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Ableton Live 8 Essential Training

Using the computer keyboard to control Live


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Ableton Live 8 Essential Training

with Rick Schmunk

Video: Using the computer keyboard to control Live

MIDI controllers offer straightforward control of mixer and device parameters in Ableton Live. If you can't afford a MIDI controller yet, don't worry, because in Live the computer keyboard can also be configured to work as an effective MIDI controller. So there're two things that we can do in Ableton Live to configure the keyboard to work as a MIDI controller. First of all, we have the Computer MIDI Keyboard mode. If I enable that, the letters A through K on a keyboard, and some of the other letters, actually will trigger notes from your virtual instrument. So if I select the bass track here-- and we can see that I've got a virtual instrument there, and I'm going to flip over--actually let me bring up a clip so that we can see the keyboard here.
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  1. 1m 30s
    1. Welcome
      49s
    2. Using the exercise files
      41s
  2. 8m 43s
    1. What is a digital audio workstation?
      4m 13s
    2. Choosing the right gear and setting up a system
      4m 30s
  3. 12m 59s
    1. Setting up audio preferences
      3m 54s
    2. Setting up MIDI preferences
      3m 31s
    3. Optimizing performance
      5m 34s
  4. 35m 42s
    1. Understanding Session view
      8m 7s
    2. Working with Live browsers
      5m 3s
    3. Working with Live clips
      7m 57s
    4. Understanding clip properties
      7m 52s
    5. Working with Live scenes
      6m 43s
  5. 28m 16s
    1. Building Live Sets and projects
      4m 25s
    2. Learning Live file management
      4m 2s
    3. Exporting content from Live
      7m 32s
    4. Importing and exporting Live Packs
      3m 17s
    5. Searching for and auditioning clips
      4m 58s
    6. Setting up frequently accessed folders
      4m 2s
  6. 23m 3s
    1. Preparing to record MIDI
      5m 51s
    2. Recording and overdubbing MIDI
      4m 32s
    3. Working with alternate MIDI entry methods
      6m 49s
    4. Using multi-output virtual instruments
      5m 51s
  7. 24m 26s
    1. The MIDI Editor
      4m 49s
    2. Quantizing MIDI data
      6m 6s
    3. Advanced MIDI editing
      6m 49s
    4. Setting up groove in editing
      6m 42s
  8. 9m 18s
    1. Preparing to record
      5m 0s
    2. Recording audio
      4m 18s
  9. 22m 37s
    1. Understanding Arrangement view
      3m 41s
    2. Recording in Arrangement view
      3m 51s
    3. Recording from Session view to Arrangement view
      5m 21s
    4. Reworking clips
      9m 44s
  10. 27m 57s
    1. Understanding Live's mixer
      12m 38s
    2. Using sends and returns
      3m 47s
    3. Building headphone cues
      3m 49s
    4. Grouping tracks
      7m 43s
  11. 43m 14s
    1. Working with effect devices
      4m 56s
    2. Understanding EQ and filters
      7m 14s
    3. Using compressors and dynamic processors
      7m 28s
    4. Building interesting effects with delay effect processing
      8m 18s
    5. Using reverb effectively
      8m 22s
    6. Setting up side chain effects easily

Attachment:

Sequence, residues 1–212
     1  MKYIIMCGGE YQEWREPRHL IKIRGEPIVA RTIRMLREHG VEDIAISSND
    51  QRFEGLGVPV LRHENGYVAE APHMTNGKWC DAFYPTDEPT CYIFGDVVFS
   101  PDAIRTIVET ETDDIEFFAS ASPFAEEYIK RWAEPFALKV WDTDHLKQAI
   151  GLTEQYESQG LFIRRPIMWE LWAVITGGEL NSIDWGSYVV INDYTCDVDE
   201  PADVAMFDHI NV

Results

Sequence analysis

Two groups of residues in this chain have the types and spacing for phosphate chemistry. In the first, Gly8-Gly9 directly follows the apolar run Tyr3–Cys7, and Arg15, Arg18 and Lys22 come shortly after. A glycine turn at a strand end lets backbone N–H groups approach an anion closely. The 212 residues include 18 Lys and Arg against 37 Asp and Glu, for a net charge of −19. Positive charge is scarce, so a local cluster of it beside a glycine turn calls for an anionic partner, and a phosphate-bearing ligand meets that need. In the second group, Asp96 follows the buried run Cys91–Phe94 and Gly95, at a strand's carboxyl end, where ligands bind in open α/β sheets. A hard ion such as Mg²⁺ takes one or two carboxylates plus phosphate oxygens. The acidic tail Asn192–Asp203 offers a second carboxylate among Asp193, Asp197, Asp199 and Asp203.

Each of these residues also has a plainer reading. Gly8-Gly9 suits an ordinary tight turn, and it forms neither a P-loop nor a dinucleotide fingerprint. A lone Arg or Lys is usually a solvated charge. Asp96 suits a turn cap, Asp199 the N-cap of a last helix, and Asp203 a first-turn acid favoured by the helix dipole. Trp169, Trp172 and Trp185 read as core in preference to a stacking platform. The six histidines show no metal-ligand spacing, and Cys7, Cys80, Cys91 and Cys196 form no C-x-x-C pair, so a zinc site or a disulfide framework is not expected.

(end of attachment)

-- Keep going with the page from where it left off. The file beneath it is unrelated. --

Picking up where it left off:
6m 56s
  12. 15m 37s
    1. Creating rhythmic patterns with the Arpeggiator effect
      8m 38s
    2. Building background parts with the Chord and Scale effects
      6m 59s
  13. 25m 24s
    1. Building automation patterns
      8m 44s
    2. Editing existing automation information
      5m 3s
    3. Using fades to mask audio pops and clicks
      4m 10s
    4. Understanding the power of clip envelopes
      7m 27s
  14. 20m 17s
    1. Understanding the basics of looping
      6m 54s
    2. Creating tracks that loop smoothly
      7m 50s
    3. Using warp features to quantize audio
      5m 33s
  15. 17m 47s
    1. Using the computer keyboard to control Live
      6m 39s
    2. Mapping device controls to the MIDI keyboard
      4m 36s
    3. Using Live's instant mapping feature
      6m 32s
  16. 10m 44s
    1. Exporting audio
      5m 37s
    2. Freezing tracks
      5m 7s
  17. 20m 45s
    1. Building with the Impulse virtual instrument
      11m 35s
    2. Working with the Simpler virtual instrument
      9m 10s
  18. 36m 22s
    1. Overview of Live racks
      10m 13s
    2. Combining instruments and effects into a single device
      8m 22s
    3. Adding effects with Drum Rack
      11m 28s
    4. Assigning rack parameters to macros
      6m 19s
  19. 13m 53s
    1. Setting up ReWire with Pro Tools
      7m 3s
    2. Setting up ReWire with Logic
      6m 50s
  20. 33m 43s
    1. Preparing audio clips with the Warp tool
      14m 31s
    2. Triggering clips using follow actions
      8m 9s
    3. Using Live as a sound source
      11m 3s
  21. 7m 21s
    1. Working with video files
      7m 21s
  22. 37s
    1. Further Recommendations
      37s

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Ableton Live 8 Essential Training
7h 20m Beginner Dec 10, 2010

Viewers: in countries Watching now:

Ableton Live 8 Essential Training with Rick Schmunk offers a comprehensive overview of Ableton's live audio and MIDI sequencing software and the techniques required to compose, record, and edit music, in real time, on stage, or in the studio. The course includes tutorials on compiling live sets from audio and MIDI clips, loops, or samples, applying MIDI effects, warping audio, and recording and producing songs in any number of contemporary styles. Exercise files are included with the course.

Topics include:
  • Putting together a DAW system
  • Setting up Ableton preferences
  • Importing and exporting content
  • Recording MIDI
  • Editing and quantizing MIDI data
  • Recording audio
  • Recording in Arrangement view
  • Using sends and returns in the Live Mixer
  • Grouping tracks
  • Signal processing
  • Creating and editing automation envelopes
  • Using fades to mask audio pops and clicks
  • Looping and warping audio clips
  • Mapping device controls to a MIDI keyboard
  • Working with virtual instruments
  • Integrating Live with Pro Tools and Logic
Subjects:
Audio + Music DAWs
Software:
Ableton Live
Author:
Rick Schmunk

Using the computer keyboard to control Live